Just hours after a worker painted over graffiti on a wall at Sonoma Charter School, someone came by in broad daylight and sprayed a large gang symbol across the facade, still wet with fresh paint.
For school director Paula Hunter, whose year has been fraught with graffiti, broken doors and a stolen computer, the new tag put her over the edge. She walked across the street into the neighborhood and began knocking on doors to ask if anyone had seen the culprit.
“Even just getting the neighbors who see something, getting them to make a call to the sheriff; they won't do it,” Hunter said.
Sonoma Valley campuses this school year have been plagued by vandalism and other problems during non-school hours, costing schools time and money to patch the damage, said school officials and law enforcement officer.
In response, Sonoma County Sheriff's deputies have launched a crackdown, starting in January with a “no-tolerance policy” to loitering, said Sgt. Greg Stashyn.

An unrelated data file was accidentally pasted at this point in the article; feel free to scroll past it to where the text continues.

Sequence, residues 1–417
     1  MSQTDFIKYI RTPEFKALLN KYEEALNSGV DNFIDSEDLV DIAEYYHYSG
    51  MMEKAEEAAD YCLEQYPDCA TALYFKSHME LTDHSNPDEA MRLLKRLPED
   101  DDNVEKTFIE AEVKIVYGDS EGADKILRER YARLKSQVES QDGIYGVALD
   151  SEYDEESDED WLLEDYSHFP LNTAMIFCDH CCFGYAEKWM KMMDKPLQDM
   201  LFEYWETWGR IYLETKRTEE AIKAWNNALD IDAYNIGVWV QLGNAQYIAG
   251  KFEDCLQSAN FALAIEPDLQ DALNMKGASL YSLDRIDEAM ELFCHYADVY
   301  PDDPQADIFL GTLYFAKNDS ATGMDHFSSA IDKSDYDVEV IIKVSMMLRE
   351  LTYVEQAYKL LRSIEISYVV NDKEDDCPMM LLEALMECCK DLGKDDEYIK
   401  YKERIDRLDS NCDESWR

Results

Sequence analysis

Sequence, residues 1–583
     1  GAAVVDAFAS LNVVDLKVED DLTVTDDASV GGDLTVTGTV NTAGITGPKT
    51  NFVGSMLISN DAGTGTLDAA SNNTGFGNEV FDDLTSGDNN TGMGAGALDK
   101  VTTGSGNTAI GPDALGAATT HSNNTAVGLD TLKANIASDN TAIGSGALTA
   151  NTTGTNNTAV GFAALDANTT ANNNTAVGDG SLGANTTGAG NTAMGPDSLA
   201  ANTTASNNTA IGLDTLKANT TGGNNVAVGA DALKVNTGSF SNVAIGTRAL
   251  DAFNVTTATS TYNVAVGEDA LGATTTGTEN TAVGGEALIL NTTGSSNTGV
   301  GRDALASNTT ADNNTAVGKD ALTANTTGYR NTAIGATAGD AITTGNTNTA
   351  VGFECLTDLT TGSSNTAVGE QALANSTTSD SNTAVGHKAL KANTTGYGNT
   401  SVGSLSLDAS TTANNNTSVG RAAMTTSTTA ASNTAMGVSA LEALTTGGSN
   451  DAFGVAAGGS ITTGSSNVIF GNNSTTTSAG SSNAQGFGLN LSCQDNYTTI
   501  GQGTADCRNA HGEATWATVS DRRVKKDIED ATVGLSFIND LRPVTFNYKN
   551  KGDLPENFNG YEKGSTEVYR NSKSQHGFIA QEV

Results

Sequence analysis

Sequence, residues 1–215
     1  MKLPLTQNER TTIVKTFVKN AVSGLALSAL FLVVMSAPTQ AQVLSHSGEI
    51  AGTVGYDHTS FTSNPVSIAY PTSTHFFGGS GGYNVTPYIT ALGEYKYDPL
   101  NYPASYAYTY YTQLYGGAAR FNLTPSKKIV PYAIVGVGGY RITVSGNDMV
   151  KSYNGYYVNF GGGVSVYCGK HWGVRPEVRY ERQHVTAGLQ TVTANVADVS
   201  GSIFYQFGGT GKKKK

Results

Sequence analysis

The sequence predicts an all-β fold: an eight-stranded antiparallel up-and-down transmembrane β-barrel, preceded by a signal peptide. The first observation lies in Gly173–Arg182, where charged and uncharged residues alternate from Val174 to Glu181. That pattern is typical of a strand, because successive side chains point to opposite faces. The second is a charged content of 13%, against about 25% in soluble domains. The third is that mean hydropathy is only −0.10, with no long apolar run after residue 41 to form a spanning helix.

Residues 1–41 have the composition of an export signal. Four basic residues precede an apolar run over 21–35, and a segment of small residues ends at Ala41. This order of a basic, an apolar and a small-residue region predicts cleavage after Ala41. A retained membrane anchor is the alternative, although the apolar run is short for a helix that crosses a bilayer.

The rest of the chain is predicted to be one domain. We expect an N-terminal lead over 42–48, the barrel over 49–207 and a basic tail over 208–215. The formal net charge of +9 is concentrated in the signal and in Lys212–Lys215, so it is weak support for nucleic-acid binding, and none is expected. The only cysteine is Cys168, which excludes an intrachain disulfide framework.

“We're trying to take a pro-active stance so this criminal element doesn't take over,” Stashyn said. “We're targeting folks who have no business on the school grounds, who aren't carrying footballs or soccer balls.”
The policy led to eight arrests Saturday night at the El Verano School in Sonoma Valley. Deputies stopped two groups of young males, ages 15 to 18, who were hanging around the school late that night, Stashyn said.
Deputies found a knife and a small amount of marijuana. All were cited for misdemeanors and released to their parents, he said. Their cases will be reviewed by the District Attorney's office.
Deputies on weekend patrol duty pass through campuses several times each shift, paying close attention to El Verano School on Riverside Drive, Sonoma Charter School on Sonoma Highway near Agua Caliente Road West and the Flowery School on Sonoma Highway just north of Boyes Hot Springs, Stashyn said.